In the first blog entry in this series, More than Pipes and Pumps: Good Governance Drives Improved WASH, we describe how governance is central to meeting the challenges that rapid urbanization poses for provision of water, sanitation, and hygiene (WASH) services. In this entry, we focus specifically on how improved WASH governance can enable technological innovations, financial strengthening, and appropriate roles for the private sector to transform urban WASH services.
“Big Data” for improved equity. An increasingly prevalent set of technological innovations in urban WASH service delivery is “smart infrastructure.” One example of this is smart water access points connected to a city-wide WASH internet of things. This promising smart infrastructure improvement can help address issues of inequitable and inefficient service provision. These access points offer real-time, transparent data on use, efficiency, and reliability of water provision at the critical last mile of service delivery. “Big data” from mobile devices, paired with geospatial analysis, can support this approach and allow local governments to understand who is using access points, who is not, why, and, from that learning, deliver more targeted and equitable services.
Although the promise of big-data-supported innovation is huge, it is critical that policymakers, local government officials, and front-line service delivery staff and technicians are aware of and respond to real concerns related to privacy, algorithm transparency, and algorithm equity. Moreover, the less tech-intensive but critically important governance activities of dialogue and accountability between communities, service providers, and local government are essential. These governance activities identify where initial smart water access points should be located, how subsidies and pricing should be established, and monitor the adequacy, equity, and efficient performance of big-data-supported systems.
Partnering with nature. Not all technologies are electronic, and a second promising set of technological innovations centers on harnessing the power of nature-based solutions. These solutions include the use of natural or human-enhanced ecosystems or other nature-mimicking systems for storm water management, water reuse and recycling, wastewater treatment, and sustainable management of watersheds. Nature-based solutions also provide critically important carbon capture, cost management, urban livability, and biodiversity preservation and enhancement benefits. Implementing effective nature-based solutions requires embracing enhanced local governance. This can occur through consultative decision-making on the use of and compensation for environmental assets. It can also take place via intergovernmental dialogue and cooperation related to the use of environmental features, which span local government jurisdictions. Through the USAID Mozambique Coastal City Adaptation Project, Chemonics supported the rapidly urbanizing cities Pemba, Quelimane, and Nacala. These municipalities learned about community-based ecosystem and wetland management and developing local green infrastructure assessments and protection plans. These and other related changes helped partner cities better incorporate city-specific climate challenges into their annual plans.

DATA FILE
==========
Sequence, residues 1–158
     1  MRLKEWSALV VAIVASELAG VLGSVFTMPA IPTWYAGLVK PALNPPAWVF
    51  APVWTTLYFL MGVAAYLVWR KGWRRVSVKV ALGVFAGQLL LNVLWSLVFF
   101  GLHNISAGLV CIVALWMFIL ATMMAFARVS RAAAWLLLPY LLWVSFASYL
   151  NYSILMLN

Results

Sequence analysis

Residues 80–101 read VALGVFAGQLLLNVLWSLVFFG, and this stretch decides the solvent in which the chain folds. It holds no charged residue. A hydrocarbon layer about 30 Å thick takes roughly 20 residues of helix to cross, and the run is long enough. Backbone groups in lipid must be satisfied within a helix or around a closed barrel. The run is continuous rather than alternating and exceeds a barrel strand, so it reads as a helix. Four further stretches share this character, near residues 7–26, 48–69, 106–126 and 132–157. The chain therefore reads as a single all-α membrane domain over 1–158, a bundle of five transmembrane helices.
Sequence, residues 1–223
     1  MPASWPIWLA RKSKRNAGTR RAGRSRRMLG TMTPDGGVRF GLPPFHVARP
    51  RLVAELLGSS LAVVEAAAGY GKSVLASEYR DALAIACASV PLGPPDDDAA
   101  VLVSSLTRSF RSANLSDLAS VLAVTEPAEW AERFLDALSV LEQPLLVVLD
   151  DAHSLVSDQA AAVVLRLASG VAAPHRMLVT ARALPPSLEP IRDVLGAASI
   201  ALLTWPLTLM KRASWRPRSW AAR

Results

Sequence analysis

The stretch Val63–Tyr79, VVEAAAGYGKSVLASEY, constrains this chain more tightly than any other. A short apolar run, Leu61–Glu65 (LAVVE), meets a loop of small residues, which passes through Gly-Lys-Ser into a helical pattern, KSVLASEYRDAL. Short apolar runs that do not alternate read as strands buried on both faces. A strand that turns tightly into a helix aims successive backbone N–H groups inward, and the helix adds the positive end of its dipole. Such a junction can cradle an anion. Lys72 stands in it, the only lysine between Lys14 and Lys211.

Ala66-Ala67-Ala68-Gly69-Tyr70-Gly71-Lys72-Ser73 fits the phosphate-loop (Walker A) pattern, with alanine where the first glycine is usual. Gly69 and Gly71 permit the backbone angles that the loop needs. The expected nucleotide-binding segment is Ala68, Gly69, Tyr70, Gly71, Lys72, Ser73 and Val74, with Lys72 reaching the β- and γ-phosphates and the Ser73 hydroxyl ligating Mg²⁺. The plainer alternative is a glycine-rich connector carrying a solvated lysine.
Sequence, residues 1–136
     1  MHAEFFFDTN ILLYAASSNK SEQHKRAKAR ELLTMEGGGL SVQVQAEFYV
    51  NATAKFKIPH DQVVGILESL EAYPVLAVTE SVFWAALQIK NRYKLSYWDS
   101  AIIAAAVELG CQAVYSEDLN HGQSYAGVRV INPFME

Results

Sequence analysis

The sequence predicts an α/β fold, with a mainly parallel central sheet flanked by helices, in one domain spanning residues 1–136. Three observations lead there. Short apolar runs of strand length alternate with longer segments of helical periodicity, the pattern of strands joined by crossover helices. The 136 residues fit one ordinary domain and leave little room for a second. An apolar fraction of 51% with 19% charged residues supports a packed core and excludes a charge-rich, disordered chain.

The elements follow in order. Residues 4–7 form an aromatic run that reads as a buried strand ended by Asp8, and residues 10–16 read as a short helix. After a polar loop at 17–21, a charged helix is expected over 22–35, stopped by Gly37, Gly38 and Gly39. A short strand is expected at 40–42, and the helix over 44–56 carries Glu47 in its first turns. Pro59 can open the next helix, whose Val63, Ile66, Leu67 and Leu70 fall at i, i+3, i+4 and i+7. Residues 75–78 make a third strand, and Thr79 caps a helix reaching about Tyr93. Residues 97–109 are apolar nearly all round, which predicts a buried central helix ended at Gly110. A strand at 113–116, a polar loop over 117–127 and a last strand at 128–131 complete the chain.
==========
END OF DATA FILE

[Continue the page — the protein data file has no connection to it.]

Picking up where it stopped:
Financial strengthening is critical to improving WASH services, as rapidly growing urban environments juxtapose immense financing requirements (such as capital-intensive WASH services systems) with increasingly binding financing constraints (budgets stressed by population growth and COVID-19). Despite this difficult starting point, there are promising finance avenues to pursue.
Greater public financing support for WASH. There is a growing awareness of the need for public subsidization of urban WASH services. As the COVID-19 pandemic has unfolded, the world has witnessed the role of inadequate sanitation in individual cities and locales in exacerbating the impact of the pandemic within nations and globally. What is needed on the governance front is intensive policy dialogue and advocacy to build support for WASH commitments and investment with supporting legislation, targeted subsidies, and streams of intergovernmental transfers to make it possible.
Public investment to encourage innovation. Intergovernmental finance can be used not only to support basic WASH services provision, but also to encourage innovative delivery that targets impoverished communities and other vulnerable groups. It can also promote efficiency and reliability of service and reward innovations in the transparency and accountability of WASH services provision. Categorical grants and targeted credit mechanisms could be used to support innovation toward broadly accepted, policy-supported targets. Examples of programs that identify local government service delivery innovations and provide public recognition for them to encourage broader adoption have been emerging over recent years. Indonesia’s Innovation Hubs in East Java, South Sulawesi, and South Sumatra are an example of one successful innovation-identification and recognition approach. Pairing this recognition focus with enhanced public investment and supporting governance work to scale innovations is the next logical step for success.